In Spain as an American, we cannot get work papers unless we have a contract, and we cannot get contracted unless we have work papers. But not all is lost. A huge amount of money is moved under the table (en negro) in Spain. Many academies are willing to hire Americans and just pay cash to you every week or month. If you are lucky, you can try to get hired that way; it’s probably your best bet for a larger, more stable additional income. And you don’t have to waste time traveling between lessons.
Start looking up academies in your town before you arrive. Send out emails and make some calls. Most schools start in September, and as we are in Spain, most academies will be hiring last minute in September. And they are always desperate for native speakers. The earlier you start looking the better.
Don’t be nervous. These academies are rarely inspected and if something comes up, the academy will be fined, not you. But if you are uncomfortable with this way of working, you can always just give private classes.
3. Nannying, babysitting or au-pairing
Babysitting is less prominent in Spain than in the US, because so many families live together or in the same city; there is always a cousin or a grandma around. Or they leave their kids at a cheap daycare (guardería).
However, this past year I have gotten lots of calls from parens interested in having me watch their very young kids for a lot of hours, speaking only in English. Spanish parents have caught on the trend of early childhood linguistic development, the earlier you start teaching your kids a foreign language, the better.
This summer I have been watching 2 toddlers for a few hours ever day. They just turned 2 years old and are just learning to talk. I speak to them only in English and they already know more words than some of my 5 or 6 year old students. Not to mention they are just plain adorable, that is when they aren’t screaming or crying. It’s way more fun playing games with them and teaching English intuitively than trying to plan lessons, make photocopies and force English into kids who already hate it.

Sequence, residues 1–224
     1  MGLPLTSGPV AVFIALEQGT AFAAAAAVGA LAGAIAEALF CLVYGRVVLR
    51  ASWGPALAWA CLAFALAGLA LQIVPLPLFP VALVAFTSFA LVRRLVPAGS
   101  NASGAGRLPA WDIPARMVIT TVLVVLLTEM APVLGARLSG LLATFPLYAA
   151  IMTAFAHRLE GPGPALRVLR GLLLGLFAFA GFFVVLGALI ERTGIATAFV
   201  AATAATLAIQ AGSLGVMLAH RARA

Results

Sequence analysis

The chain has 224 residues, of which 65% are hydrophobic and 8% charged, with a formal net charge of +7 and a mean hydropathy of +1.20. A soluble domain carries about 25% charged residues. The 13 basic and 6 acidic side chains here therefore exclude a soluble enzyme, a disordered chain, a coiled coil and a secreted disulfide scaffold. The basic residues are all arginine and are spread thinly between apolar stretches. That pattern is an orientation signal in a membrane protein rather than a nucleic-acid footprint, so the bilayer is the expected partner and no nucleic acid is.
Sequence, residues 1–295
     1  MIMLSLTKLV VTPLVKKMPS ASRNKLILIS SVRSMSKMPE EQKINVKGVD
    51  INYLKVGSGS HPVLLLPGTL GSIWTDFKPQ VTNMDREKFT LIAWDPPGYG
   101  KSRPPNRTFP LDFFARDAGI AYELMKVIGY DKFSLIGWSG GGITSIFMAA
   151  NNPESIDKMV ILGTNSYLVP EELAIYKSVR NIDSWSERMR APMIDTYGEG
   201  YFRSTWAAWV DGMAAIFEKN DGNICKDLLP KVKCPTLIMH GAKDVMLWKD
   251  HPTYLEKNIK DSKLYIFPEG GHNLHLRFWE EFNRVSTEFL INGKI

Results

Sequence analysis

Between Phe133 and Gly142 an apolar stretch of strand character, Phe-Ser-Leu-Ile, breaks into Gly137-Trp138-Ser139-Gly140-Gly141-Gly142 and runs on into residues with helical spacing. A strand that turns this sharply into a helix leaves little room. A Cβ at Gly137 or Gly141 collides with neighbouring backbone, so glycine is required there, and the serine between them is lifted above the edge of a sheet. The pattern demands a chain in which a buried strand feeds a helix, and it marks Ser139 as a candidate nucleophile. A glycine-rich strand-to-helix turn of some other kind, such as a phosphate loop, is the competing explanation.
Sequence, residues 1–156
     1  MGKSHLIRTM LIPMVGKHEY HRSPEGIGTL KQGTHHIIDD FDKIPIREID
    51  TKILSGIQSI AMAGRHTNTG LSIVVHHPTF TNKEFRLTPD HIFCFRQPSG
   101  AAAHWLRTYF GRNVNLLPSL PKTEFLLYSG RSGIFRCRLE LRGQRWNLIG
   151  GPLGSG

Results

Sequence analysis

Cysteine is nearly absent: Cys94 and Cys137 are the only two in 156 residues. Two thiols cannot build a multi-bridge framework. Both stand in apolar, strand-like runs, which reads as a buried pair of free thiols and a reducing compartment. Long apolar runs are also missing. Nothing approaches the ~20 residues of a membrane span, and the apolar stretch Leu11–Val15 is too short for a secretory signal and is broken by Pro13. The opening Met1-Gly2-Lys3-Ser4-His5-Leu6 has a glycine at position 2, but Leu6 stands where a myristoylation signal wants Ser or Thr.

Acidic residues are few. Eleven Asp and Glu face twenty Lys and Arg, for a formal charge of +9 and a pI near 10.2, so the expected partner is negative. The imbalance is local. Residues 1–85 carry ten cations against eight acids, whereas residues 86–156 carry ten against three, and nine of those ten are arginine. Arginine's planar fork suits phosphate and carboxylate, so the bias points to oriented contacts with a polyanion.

These kinds of classes are great and tend to have a more stable income than most since they are more hours and the parents are usually very committed to having their kids become bilingual. If you can find a kid or two to watch for a good amount of hours a week, you’re set.
4. Summer camps
So many of the auxiliares peace out of Spain as soon as their contracts end in May or June. Maybe some stay for a few weeks to travel, but for the most part they head straight home for the summer, even if they are planning to come back in the fall. But for me, Spain is at its best in summer! It’s my favorite time to be here, in spite of the heat!
From my own experience, it is much easier to find quick work in Spain over the summer than to go back to the US for 3-4 months and expect to find a job then. Besides, Spain rocks in the summer! You have the amazing beaches and tons of festivals like the running of the bulls in Pamplona, the batalla del vino in Haro near me, Tomatina near Valencia, just to name a few. Not to mention there are tons of jobs available for us.
San Fermín in Pamplona
There are many bilingual summer camps for kids in Spain looking for native teachers. I’d wager the majority of them pay under the table as well, around 250 euros per week. Start looking and asking around in April, May, and June. For the most part, they run in July and August, once the kiddies are out of school. In Logroño I started seeing posters for these sorts of camps around town in the spring.
This summer I was working in summer day camps in various villages in Navarra though their own Ministry of Education. If you are near Navarra or in La Rioja and are interested in these camps, let me know and I can put you in contact with the person in charge. Summer camps are also a great opportunity to travel around Spain and get to see some smaller, lesser-known areas.